Wednesday, January 23, 2019

Understanding the Obstacles to Help-Seeking for Minor-Attracted Persons

By Jill Levenson, PhD,  Barry University, Inc. at; Melissa Grady, Ph.D, The Catholic University of America at; and Julie Patrick with RALIANCE at
W. Edwards Deming once famously said, “In God we trust, all others must bring data.” Designing effective primary prevention services starts with collecting good data. Yet this proves challenging for many stigmatized populations who remain “in the shadows.”
The scholarly literature, for instance, about non-offending minor attracted persons (MAPs) is in a nascent stage. Though they remain an under-studied and somewhat misunderstood population, we are learning more about individuals who have sexual interests in children (Cantor & McPhail, 2016). Studies have revealed that most MAPs become aware of their unusual sexual interests in early adolescence (B4UAct, 2011b; Buckman, Ruzicka, & Shields, 2016), and that among MAPs, about 42% report a primary attraction to pre-pubescent youngsters (Mitchell & Galupo, 2016; Piché, Mathesius, Lussier, & Schweighofer, 2016).
Due to stigma, fear, and shame, and many other factors, many MAPs have not sought help from professionals, and others have been discouraged by the services they received (Jahnke, 2018). Some MAPs who did seek services but did not receive them reported that failure to obtain adequate help resulted in negative ramifications. These include an exacerbation of mental health symptoms such as depression, suicidality, withdrawal and isolation, lost productivity, fear and anxiety, hopelessness, and substance abuse (B4UAct, 2011a). Furthermore, a small group (3-4%) said that after being unable to obtain counseling, their attraction to youngsters continued or escalated and that they were later convicted of a sexual crime (B4UAct, 2011a). MAPs in non-forensic samples tend to have higher education and socio-economic status than those convicted of sex crimes, and may have greater willingness and opportunity to engage in formal and informal help-seeking through various professional or online resources.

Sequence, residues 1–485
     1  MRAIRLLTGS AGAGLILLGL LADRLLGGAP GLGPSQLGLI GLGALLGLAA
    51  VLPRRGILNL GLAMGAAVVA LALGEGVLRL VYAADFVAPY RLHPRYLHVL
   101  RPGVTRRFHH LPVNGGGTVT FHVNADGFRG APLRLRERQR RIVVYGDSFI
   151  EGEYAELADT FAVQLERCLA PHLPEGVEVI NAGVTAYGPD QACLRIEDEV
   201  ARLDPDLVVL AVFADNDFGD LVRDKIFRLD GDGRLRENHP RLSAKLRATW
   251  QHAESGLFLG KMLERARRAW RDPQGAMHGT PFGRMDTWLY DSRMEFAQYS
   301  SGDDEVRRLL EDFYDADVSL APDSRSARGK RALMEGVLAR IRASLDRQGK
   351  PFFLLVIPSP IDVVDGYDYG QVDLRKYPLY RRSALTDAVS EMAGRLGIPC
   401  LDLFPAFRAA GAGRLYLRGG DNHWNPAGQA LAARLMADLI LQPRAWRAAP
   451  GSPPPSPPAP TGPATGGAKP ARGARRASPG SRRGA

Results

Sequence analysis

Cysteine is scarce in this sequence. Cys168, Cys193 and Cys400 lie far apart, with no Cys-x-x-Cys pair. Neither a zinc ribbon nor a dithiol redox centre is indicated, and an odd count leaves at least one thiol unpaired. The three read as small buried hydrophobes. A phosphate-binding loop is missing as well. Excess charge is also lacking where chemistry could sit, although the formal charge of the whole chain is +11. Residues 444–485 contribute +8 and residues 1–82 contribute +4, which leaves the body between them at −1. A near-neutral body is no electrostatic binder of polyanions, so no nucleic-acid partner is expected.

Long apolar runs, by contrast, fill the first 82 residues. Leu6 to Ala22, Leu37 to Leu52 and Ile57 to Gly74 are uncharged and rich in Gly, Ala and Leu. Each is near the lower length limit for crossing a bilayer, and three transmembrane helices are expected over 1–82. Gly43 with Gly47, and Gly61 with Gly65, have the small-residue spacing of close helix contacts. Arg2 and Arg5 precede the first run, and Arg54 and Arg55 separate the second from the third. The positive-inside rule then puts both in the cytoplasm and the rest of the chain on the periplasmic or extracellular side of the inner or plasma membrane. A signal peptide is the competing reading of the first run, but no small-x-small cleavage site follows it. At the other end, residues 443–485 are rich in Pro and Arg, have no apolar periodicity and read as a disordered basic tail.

Thanks to an impact grant by nonprofit leadership collaborative RALIANCE, Dr. Jill Levenson at Barry University and Dr. Melissa Grady at Catholic University surveyed minor-attracted persons (MAPs)​ ​to better understand the obstacles they faced when seeking help[JP1] .
The project complemented information gained from the “Help Wanted” project developed by Dr. Elizabeth Letourneau [described in Buckman, Ruzicka & Shields (2016)] by collecting data from a larger sample with a greater age range. The quantitative survey for more robust data analyses including group comparisons and associations between variables.
Good data and collaborations
The researchers built relationships to partner with consumer groups that provide online support, resources, education, and information for MAPs who are concerned about their sexual interest in children. With the help of organizations like Stop It Now! and VirPed, the project was able to collect a non-random, purposive sample of MAPs (n = 293; 154 completed all questions). The on-line survey included quantitative questions to gather information about their histories, help-seeking experiences and behaviors, as well as 10 open-ended prompts designed to capture their lived experiences of seeking counseling for minor-attraction.